Tuesday, August 20, 2013

After Her by Joyce Maynard - Book Review





Joyce Maynard's own story contains interesting enough elements to make a novel of its own. In After Her (William Morrow, 2013, 320pages, $25.99) she turns this fact along with enough place names that belong in her real story, to weave a gripping story told from the point of view of a thirteen year old girl about a year in which coming of age is challenged by her character's growing awareness of the reality of life, it's challenges, fears, dangers, and value. Rachel and Patty Toricelli grow up in a lonely house with their depressed mother keeping to herself in her room and their detective father, a romantic who flits in and out of their lives, a visitor. Their life is made up of exploring their world, mostly on foot or bicycle, in yet to be fully developed Marin County, California, across the Golden Gate Bridge from San Francisco, with unusual freedom and wide-ranging imagination. Since Rachel, approaching adolescence, imagines herself a budding writer, they make up stories as they explore the mountain wilderness dominated by Mt. Tamalpais behind their house and imagine the stories played out on their “drive in movie,” the television screens seen through the rear windows of their neighbors' homes. They invent the lives of the characters and the neighbors whom they observe. And then, twenty-one year old Charlene Grey is raped and murdered in the rugged mountain park. Their father Tony, is the detective in charge of the investigation. Eventually, twenty-one young women are found murdered in the large wilderness area as fear rises in the community, which demands action.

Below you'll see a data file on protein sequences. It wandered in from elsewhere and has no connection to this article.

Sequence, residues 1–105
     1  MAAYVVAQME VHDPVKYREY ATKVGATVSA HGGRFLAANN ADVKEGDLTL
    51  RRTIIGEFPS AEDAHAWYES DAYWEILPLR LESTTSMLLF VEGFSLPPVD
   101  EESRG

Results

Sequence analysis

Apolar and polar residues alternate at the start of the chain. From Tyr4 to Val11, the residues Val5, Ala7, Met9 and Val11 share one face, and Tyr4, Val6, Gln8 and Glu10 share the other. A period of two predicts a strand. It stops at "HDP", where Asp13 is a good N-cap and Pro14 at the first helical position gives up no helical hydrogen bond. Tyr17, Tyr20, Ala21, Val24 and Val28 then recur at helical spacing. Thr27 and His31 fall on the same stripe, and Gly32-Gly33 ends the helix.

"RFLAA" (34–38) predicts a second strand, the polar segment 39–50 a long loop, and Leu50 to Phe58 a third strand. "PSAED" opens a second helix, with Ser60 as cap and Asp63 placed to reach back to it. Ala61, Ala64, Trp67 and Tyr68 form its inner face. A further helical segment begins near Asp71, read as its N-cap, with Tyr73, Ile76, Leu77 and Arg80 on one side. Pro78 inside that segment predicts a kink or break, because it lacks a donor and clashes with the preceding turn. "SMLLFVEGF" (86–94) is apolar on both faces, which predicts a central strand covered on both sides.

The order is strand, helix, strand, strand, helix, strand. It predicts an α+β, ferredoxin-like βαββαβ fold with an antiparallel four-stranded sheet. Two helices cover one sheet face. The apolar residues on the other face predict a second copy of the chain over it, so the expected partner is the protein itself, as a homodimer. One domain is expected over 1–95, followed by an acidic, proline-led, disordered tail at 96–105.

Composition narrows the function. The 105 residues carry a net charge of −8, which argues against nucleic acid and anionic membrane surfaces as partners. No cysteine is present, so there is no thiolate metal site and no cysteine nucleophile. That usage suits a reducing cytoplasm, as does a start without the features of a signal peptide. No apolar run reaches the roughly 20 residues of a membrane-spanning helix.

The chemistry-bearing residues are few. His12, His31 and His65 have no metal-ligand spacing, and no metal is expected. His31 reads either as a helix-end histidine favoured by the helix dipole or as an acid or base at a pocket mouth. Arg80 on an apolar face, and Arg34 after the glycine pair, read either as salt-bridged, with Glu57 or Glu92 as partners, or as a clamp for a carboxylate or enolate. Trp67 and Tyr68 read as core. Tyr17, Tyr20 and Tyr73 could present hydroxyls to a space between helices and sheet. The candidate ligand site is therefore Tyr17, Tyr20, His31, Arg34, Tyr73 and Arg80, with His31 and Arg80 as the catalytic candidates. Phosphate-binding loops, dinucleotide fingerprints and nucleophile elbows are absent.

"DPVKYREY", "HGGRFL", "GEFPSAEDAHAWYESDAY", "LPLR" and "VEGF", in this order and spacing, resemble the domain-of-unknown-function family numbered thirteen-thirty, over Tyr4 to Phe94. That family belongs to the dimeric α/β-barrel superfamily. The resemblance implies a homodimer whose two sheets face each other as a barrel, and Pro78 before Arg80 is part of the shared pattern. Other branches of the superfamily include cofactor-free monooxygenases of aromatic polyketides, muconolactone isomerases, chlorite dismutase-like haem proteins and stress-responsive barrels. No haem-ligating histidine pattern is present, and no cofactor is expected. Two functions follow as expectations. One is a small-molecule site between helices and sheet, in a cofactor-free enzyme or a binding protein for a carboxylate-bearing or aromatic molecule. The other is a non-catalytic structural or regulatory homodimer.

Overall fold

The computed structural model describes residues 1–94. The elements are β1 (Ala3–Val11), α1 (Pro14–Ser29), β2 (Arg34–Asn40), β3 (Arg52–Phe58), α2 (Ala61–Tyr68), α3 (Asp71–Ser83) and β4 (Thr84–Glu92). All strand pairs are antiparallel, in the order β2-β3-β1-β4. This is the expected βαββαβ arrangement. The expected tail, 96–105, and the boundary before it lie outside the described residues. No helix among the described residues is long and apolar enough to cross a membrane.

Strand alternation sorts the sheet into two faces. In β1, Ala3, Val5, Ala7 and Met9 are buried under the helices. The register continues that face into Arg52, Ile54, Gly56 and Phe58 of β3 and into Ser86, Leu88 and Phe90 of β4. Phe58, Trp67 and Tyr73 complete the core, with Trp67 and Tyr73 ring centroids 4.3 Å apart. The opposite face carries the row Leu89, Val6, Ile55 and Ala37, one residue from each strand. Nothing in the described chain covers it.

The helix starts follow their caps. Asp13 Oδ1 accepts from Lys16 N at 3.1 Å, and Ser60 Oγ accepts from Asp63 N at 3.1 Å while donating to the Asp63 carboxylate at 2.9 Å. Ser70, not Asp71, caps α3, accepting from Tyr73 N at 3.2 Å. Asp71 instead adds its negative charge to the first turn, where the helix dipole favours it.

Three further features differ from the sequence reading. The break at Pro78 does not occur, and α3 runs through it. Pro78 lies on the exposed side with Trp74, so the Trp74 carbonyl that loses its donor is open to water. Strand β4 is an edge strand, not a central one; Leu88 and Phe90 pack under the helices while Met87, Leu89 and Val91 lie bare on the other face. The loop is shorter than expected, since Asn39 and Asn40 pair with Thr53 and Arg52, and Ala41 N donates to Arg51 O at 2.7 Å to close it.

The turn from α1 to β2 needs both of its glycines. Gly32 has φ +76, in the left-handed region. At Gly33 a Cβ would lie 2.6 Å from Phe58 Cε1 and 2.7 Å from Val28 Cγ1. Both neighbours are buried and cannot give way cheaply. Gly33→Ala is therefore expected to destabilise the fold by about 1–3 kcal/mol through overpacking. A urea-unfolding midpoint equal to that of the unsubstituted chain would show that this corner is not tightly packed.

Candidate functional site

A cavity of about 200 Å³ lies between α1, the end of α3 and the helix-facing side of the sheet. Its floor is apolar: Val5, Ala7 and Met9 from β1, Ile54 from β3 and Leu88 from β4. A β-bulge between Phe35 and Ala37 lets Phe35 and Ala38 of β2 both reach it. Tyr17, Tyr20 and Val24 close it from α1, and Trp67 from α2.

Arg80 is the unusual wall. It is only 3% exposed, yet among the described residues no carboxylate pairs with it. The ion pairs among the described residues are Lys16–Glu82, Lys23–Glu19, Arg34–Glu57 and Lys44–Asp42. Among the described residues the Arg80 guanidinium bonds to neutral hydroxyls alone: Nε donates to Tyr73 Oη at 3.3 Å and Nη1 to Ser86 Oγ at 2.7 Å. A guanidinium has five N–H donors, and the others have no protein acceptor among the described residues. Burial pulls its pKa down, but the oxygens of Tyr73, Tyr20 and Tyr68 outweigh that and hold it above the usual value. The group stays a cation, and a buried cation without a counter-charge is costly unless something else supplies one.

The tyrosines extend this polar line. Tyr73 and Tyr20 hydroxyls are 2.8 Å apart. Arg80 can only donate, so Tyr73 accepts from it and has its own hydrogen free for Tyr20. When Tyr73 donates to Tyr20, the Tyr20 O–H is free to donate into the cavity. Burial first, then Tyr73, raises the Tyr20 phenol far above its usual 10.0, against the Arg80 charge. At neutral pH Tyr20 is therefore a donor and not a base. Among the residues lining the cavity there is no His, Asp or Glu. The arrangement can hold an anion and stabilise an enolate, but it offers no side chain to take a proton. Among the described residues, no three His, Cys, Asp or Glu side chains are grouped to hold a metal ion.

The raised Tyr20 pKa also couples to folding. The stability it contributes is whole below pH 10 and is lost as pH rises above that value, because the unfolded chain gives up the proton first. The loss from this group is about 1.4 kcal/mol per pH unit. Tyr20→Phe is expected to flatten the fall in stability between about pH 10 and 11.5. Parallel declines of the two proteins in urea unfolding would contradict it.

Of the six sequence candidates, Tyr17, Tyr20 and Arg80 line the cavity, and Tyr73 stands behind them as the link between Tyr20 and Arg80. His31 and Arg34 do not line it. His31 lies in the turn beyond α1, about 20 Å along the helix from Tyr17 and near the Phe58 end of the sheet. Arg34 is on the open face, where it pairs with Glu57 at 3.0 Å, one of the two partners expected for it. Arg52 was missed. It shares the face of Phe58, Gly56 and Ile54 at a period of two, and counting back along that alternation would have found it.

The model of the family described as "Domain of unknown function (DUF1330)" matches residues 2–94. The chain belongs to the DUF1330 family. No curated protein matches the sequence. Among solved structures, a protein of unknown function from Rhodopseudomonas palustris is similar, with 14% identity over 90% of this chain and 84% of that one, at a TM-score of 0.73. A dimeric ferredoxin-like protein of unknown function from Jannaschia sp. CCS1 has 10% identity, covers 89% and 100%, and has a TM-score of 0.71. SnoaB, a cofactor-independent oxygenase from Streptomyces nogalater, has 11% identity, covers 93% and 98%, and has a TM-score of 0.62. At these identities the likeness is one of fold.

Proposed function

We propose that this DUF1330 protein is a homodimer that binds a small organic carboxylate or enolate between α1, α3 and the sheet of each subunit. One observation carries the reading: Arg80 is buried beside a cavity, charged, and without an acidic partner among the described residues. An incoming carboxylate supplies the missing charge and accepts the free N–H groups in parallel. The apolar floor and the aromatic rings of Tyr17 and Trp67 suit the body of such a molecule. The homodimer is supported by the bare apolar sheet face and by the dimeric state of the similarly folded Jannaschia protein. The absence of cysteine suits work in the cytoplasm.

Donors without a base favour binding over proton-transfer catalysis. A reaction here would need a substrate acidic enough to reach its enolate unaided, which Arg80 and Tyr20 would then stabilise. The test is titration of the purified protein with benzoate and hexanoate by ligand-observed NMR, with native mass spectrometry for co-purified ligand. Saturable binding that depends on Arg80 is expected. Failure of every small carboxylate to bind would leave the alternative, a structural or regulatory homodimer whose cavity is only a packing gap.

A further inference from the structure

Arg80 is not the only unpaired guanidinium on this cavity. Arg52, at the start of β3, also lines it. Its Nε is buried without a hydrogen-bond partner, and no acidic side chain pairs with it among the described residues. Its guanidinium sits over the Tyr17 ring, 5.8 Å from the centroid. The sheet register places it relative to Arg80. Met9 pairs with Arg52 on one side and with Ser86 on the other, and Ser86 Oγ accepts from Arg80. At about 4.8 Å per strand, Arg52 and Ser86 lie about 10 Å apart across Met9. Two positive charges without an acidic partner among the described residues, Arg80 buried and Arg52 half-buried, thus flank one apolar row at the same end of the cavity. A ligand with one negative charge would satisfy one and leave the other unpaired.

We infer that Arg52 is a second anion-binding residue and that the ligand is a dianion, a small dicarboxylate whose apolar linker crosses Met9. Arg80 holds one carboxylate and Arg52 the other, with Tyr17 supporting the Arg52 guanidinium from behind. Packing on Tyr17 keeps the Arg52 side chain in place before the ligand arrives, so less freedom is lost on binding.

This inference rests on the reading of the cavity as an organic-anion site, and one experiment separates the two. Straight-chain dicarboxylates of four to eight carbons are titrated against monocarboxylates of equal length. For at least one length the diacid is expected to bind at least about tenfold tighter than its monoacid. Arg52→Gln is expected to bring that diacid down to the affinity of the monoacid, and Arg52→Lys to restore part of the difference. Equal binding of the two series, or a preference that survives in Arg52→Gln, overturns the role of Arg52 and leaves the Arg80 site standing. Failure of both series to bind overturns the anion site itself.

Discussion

Mt. Tamalpai State Park - Marin County, California

   Rachel, the narrator, and her younger sister Patty observe the life in their community, comment upon it, and make up what they don't understand. Rachel, at thirteen and on the cusp of adolescence, is invited into the realm of popular girls in her junior high school, as her father's work as a detective becomes increasingly prominent. She uses her unique position to, mostly, invent information to continue to maintain her status with her newly welcoming crowd, as even Teddy Bascom, the most popular boy in the school and something of a cypher, takes an interest in her, despite the fact she sees herself as unready for him. Rachel's responses to his increasingly demanding gropings in a home seemingly inhabited solely by kids, is sad, touching, and funny. At age thirteen, Rachel has yet to have her first period and suffers “the fear I would never become a woman. The fear that I would.” Her ultimate rejection of his advances along with her father's falling reputation in the community due to his lack of success at finding the Sunset Strangler, as the serial killer has come to be known, spells the death of Rachel's brush with conventional popularity. But as an observer of herself and the scene around her she grows and develops. Meanwhile, Patty, three years younger, has become obsessed with basketball and shows a growing talent for the game.